- are systemic and repeating -- they can be passed from one body to another and they happen over and over again
- are difficult to overcome and may even have to be overcome multiple times
- separate a person from loved ones, making them alone
- come in groups
- do harm to a person and others who come in contact with that person
Two things in particular come to mind -- addiction and abuse. For now, lets stick with addiction.
Those who experience addiction experience the desire to participate in whatever activity compulsively, repeatedly. Addictions are extremely difficult to overcome and they continue to be a struggle throughout a person's life -- it's not like once it goes away it's gone for good. Addiction returns. Addiction can create a sense of loneliness, misunderstanding, and separation from loved ones and it is also strongly tied to other issues like depression. Addiction causes hurt to those who come in contact with it.
Now, this definition is not actually as nice and tidy as I make it appear. In fact, there are reasons NOT to think of addiction as a demon. My main problem with thinking about addiction as a demon is that it seems to make things black and white in terms of what people can do about it. In this scripture, it seems clear to me that the person inhabited by a demon has very little, if any, control over his own body, which leads to the conclusion that either the demon can be completely in control or God can be completely in control, but the human has very little control. This argument seems like there's no space for me to interact in my own story, and that makes me a little uncertain because I truly believe that God doesn't do all the legwork -- I have to be involved too. But if I really do have zero control that leaves me with two options: If I'm an addict and it's because a demon has inhabited me, then I have no responsibility for my actions because it's the demon, not me. On the flip-side, if I'm an addict and God can take control, then why hasn't God taken control?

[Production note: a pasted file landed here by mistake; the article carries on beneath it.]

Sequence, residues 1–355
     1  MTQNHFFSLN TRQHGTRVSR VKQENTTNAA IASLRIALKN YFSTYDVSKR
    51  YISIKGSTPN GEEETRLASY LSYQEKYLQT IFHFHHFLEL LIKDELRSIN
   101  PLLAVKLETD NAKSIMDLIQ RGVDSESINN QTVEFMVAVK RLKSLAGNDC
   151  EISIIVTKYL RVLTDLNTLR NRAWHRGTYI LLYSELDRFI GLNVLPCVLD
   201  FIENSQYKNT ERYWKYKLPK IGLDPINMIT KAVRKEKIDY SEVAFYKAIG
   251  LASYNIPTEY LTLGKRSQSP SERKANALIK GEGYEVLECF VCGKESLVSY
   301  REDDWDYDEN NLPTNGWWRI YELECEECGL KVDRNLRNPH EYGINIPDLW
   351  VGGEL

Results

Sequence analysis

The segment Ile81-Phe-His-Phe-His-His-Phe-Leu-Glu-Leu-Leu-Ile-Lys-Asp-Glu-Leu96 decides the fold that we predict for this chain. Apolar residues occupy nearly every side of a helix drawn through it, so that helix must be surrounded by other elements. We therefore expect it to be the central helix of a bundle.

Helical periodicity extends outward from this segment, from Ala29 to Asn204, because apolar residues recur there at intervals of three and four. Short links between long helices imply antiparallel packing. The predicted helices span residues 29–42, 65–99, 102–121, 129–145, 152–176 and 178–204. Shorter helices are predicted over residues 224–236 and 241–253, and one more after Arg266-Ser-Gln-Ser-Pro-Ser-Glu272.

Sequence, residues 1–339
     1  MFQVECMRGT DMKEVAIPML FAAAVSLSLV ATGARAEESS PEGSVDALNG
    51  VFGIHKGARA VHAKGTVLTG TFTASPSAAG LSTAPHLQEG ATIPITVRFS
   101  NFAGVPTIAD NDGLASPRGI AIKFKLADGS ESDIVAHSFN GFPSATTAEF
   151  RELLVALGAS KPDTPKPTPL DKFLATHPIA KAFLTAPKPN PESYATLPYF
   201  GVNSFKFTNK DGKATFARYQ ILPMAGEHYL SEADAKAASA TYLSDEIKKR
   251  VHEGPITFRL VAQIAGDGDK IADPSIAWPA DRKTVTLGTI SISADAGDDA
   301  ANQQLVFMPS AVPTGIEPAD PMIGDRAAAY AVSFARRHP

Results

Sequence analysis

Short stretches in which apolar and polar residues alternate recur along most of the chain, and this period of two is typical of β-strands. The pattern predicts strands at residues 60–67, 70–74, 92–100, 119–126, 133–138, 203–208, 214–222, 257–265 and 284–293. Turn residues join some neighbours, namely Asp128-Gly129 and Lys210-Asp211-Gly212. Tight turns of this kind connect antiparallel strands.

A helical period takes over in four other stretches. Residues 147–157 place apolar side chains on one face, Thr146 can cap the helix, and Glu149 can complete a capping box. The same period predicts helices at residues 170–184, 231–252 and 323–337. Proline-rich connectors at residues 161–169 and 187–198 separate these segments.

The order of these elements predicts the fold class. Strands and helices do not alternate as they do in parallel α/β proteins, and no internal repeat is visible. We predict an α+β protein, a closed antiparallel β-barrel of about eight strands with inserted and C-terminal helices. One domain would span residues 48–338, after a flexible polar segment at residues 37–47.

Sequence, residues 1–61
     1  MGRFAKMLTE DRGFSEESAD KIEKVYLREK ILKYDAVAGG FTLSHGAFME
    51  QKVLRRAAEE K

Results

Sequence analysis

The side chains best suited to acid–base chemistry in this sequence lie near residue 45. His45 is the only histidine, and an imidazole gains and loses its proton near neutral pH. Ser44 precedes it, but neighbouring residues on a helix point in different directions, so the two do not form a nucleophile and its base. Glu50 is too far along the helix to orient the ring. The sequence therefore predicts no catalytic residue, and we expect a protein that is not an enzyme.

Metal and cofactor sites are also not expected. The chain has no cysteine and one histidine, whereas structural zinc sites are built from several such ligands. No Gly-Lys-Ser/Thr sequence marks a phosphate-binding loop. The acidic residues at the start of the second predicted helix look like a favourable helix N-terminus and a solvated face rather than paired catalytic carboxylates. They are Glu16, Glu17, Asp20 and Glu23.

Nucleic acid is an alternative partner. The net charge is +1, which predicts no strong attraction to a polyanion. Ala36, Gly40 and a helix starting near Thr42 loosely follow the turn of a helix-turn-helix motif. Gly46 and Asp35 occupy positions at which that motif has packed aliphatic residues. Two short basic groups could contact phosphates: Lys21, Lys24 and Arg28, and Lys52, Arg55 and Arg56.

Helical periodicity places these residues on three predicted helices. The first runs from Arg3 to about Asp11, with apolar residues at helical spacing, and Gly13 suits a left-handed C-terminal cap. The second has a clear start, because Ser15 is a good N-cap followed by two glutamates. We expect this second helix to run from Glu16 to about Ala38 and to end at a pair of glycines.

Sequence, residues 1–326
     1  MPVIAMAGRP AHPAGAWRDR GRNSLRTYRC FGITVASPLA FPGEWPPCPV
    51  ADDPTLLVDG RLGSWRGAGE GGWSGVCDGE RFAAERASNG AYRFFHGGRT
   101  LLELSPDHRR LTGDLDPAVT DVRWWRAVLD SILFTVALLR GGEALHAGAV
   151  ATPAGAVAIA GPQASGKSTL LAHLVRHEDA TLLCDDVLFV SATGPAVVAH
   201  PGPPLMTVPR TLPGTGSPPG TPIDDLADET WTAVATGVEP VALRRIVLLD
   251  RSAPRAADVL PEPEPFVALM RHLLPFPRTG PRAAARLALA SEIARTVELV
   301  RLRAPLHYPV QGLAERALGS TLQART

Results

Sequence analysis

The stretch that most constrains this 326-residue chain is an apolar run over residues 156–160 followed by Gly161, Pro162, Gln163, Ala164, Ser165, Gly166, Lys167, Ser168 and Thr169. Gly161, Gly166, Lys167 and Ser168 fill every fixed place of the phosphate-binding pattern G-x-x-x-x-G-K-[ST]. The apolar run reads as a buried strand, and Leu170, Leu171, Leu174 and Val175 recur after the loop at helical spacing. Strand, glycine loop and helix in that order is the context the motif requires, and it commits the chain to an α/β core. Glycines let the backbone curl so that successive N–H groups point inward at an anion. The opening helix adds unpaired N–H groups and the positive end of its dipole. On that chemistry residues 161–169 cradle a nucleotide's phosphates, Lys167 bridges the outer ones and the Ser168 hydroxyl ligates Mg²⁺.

Do you see yet, why this topic gives me such a pain in the brain?!
So, I'm just going to have to deal with the fact that I don't have all the answers. Maybe demons are something that plague us all. Maybe they are things like addiction (even "small" addictions like food addiction, shopping addiction, sleeping addiction -- I don't know, I just made that last one up). Maybe they're not. You'll have to come to your own conclusions about that one.
But here's what I do see happening in the passage. Through Christ, God helps a man break a pattern, a system that has become a much a part of his life as breathing. Through Christ, God relieves a man's pain, if only for a while. Through Christ, God puts right relationship between this man and his community. Through Christ, God is present to this man and changes his life.
That's some really good stuff. And yet, I still find myself in the position of the community onlookers, seeing the God's power and love, and being afraid of what I don't understand. I find myself full of questions instead of answers, because, you see, I can live with life as I know it, but I'm scared of what life might look like if God healed my demons. Would I be healed forever? Would they come back? Would life be better? What would I have to do differently? These are the questions that plague me. These are manifestation of fear inside me. Maybe, just maybe, these are my demons. What are yours?